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The Ill-Tempered Audiophool

Remote Control, Part III: Custom interface for RedEye Remote device

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One of the low points of the Redeye Remote system (see Remote Control, Part II) is their clunky web interface software. In case you haven't noticed, impatience and irritability are my two most attractive and dominant personality traits. Waiting for the interface to load so I can turn down the volume or mute the system really annoys me.

The underlying IP/IR command system is actually quite fast. There is very little latency when I issue a url command from the terminal of my computer, so I decided to make some custom web interfaces. I showed something similar to this in Part II, but I have since improved it a bit.

It should be possible to create a proper Cocoa OS X application to do this, but I can't program my way out of a wet paper bag. Besides, a web-based application has two advantages: (1) it speaks HTML, and (2) it will also work on my iPad.

The idea is this:

Create an HTML web page with a bunch of links in it. Load the page in your browser, click on the link, and the url command is issued, the RedEye sends an IR signal, and you are done.

blogs/wgscott/attachments/4965-remote-control-part-iii-custom-interface-redeye-remote-device-screen-shot-2013-03-31-10.52.24-am.png

A few things can make this experience more pleasant.

A. You have to reload the web page every time you issue a command. This becomes increasingly annoying when you realize (for example) you have to click the volume 12 times to adjust it.

I found that the web-based interface will behave a lot better if you replace the standard URL link syntax, i.e.,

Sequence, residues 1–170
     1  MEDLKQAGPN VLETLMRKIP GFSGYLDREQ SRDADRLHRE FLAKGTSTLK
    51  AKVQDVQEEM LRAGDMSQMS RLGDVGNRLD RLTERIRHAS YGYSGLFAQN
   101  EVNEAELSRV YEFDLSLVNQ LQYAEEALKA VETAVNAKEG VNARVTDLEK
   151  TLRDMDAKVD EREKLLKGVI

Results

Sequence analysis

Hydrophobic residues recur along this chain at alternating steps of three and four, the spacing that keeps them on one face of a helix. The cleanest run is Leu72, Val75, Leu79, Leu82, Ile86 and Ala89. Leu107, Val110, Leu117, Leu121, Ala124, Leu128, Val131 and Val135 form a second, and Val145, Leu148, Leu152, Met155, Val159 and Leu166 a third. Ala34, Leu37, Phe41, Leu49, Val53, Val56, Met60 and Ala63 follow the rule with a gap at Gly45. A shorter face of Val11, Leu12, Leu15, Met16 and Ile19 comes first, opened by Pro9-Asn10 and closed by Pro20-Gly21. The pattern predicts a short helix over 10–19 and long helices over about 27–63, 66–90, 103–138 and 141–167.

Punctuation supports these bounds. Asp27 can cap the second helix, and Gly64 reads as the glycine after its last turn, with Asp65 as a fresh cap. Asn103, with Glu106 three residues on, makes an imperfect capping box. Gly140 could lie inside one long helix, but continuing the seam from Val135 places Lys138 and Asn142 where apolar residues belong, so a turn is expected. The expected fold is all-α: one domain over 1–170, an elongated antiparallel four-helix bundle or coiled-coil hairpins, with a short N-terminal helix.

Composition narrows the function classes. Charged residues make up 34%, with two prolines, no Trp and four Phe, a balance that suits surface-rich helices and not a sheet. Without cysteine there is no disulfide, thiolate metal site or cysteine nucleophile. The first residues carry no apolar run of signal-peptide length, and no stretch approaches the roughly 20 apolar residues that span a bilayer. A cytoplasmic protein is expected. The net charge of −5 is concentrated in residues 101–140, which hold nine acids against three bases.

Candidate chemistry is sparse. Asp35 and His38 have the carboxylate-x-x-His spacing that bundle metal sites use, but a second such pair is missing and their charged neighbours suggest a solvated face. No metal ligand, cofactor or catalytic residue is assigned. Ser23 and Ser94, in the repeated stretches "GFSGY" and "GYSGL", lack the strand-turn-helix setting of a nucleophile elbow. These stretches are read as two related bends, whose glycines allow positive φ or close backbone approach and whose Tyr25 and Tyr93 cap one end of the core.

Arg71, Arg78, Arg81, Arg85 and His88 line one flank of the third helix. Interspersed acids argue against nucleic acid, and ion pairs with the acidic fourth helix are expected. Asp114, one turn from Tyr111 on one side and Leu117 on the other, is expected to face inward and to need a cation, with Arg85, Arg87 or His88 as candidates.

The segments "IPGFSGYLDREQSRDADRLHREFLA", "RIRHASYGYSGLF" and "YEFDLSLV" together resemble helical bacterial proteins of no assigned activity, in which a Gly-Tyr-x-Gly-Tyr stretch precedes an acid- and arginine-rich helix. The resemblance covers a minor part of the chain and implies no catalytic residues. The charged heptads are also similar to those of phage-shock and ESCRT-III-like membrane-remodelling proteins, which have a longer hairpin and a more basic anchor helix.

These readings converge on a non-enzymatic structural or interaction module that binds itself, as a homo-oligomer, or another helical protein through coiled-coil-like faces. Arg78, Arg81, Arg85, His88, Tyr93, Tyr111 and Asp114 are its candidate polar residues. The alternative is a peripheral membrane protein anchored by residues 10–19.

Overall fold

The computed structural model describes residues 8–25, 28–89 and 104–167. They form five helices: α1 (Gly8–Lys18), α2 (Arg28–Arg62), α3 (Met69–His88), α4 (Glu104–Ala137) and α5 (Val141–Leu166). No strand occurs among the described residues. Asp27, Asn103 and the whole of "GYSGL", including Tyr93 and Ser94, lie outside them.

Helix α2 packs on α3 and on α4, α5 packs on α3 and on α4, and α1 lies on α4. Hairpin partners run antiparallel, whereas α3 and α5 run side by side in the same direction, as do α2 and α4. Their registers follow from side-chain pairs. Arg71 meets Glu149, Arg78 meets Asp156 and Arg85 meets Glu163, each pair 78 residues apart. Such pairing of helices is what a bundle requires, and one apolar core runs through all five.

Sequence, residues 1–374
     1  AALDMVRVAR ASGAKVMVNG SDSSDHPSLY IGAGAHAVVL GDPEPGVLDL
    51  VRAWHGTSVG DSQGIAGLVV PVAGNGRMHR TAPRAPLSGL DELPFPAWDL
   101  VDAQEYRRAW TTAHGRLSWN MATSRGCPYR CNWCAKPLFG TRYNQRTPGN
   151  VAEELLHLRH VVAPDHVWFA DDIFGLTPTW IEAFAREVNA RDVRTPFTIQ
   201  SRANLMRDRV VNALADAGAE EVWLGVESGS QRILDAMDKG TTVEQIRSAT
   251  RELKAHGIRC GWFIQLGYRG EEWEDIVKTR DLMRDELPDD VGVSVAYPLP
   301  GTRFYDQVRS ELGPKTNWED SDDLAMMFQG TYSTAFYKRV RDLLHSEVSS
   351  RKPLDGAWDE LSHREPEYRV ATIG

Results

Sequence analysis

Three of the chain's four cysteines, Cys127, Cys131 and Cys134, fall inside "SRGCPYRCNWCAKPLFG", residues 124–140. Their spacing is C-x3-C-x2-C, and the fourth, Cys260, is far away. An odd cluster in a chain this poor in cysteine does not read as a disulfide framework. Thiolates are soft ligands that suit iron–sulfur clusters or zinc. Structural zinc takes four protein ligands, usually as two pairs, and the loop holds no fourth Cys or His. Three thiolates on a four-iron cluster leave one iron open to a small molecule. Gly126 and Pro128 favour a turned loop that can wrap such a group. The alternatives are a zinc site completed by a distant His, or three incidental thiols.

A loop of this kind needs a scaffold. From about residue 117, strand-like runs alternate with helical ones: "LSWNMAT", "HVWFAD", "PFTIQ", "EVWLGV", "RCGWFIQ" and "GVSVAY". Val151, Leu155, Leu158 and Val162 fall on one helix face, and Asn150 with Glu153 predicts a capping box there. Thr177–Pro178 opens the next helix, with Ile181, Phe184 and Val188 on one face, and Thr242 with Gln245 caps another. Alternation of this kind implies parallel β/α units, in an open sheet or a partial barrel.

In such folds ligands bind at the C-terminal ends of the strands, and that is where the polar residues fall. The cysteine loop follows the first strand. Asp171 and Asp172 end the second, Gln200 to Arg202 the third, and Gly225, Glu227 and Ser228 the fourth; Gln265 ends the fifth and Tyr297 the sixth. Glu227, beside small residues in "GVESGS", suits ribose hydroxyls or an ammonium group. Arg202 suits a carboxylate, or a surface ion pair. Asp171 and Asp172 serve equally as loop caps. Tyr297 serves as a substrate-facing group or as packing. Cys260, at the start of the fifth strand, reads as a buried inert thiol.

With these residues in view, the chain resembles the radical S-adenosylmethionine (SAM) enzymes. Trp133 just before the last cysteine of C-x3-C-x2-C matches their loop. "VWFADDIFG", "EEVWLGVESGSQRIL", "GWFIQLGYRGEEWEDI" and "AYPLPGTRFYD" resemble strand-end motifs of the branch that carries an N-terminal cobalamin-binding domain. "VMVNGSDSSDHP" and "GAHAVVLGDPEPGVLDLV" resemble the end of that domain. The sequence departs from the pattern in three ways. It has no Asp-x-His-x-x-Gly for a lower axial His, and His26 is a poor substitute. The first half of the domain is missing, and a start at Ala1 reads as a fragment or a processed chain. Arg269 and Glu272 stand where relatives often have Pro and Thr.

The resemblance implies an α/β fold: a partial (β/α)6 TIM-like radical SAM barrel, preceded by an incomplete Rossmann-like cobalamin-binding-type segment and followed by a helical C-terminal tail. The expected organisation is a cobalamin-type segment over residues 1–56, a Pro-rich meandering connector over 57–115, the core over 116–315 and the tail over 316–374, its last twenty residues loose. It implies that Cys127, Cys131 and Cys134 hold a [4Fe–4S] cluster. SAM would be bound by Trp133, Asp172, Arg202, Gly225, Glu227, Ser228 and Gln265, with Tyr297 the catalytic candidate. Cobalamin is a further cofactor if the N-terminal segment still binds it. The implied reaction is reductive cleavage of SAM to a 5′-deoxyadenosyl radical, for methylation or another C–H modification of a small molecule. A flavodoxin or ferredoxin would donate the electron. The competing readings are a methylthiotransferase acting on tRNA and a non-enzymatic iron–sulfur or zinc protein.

Code:
<a href="http://somewhere.over.the.rainbox.gov">Link</a>
with a form "input" command, i.e.,

Code:
<input type="image" src="images/remote_nova.001_68.png" onclick="PowerToggle()"></input>
where in this case I have defined a Javascript function PowerToggle() in the header, i.e.,

Code:
	function PowerToggle()
	{
	var xmlhttp;
	xmlhttp=new XMLHttpRequest();
	xmlhttp.open("GET","http://redeye_f0123-456789.local:8080/redeye/rooms/0/devices/71/commands/send?commandId=65",true);
	xmlhttp.send();
	}
This way I can click on the link repeatedly and the web page just sits there and takes it. (I don't know anything about javascript either, btw, so there may be a better way to do this.)

B. Instead of a pile of links, I created an image, sliced it up in Adooobie Photoshop/ImageReady, and mapped the bits of the image corresponding to individual buttons into the link, which is what the

Code:
 type="image" src="images/remote_nova.001_68.png"
part is all about.


C. I was able to make this into a stand-alone OS X application using the free version of a program called Fluid. The result is shown in a screen-shot below:

blogs/wgscott/attachments/4966-remote-control-part-iii-custom-interface-redeye-remote-device-screen-shot-2013-03-31-10.32.06-am.png

Here is the default RedEye web-browser interface that I made with their software, rendered in Safari. It took about 90 seconds to load. The corresponding iPad/iPod/iPhone version is a bit slicker, but the load time is similar.

blogs/wgscott/attachments/4968-remote-control-part-iii-custom-interface-redeye-remote-device-screen-shot-2013-03-31-4.53.22-pm.png

Updated 04-03-2013 at 05:23 PM by wgscott

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  1. The Computer Audiophile's Avatar
    Nice Bill!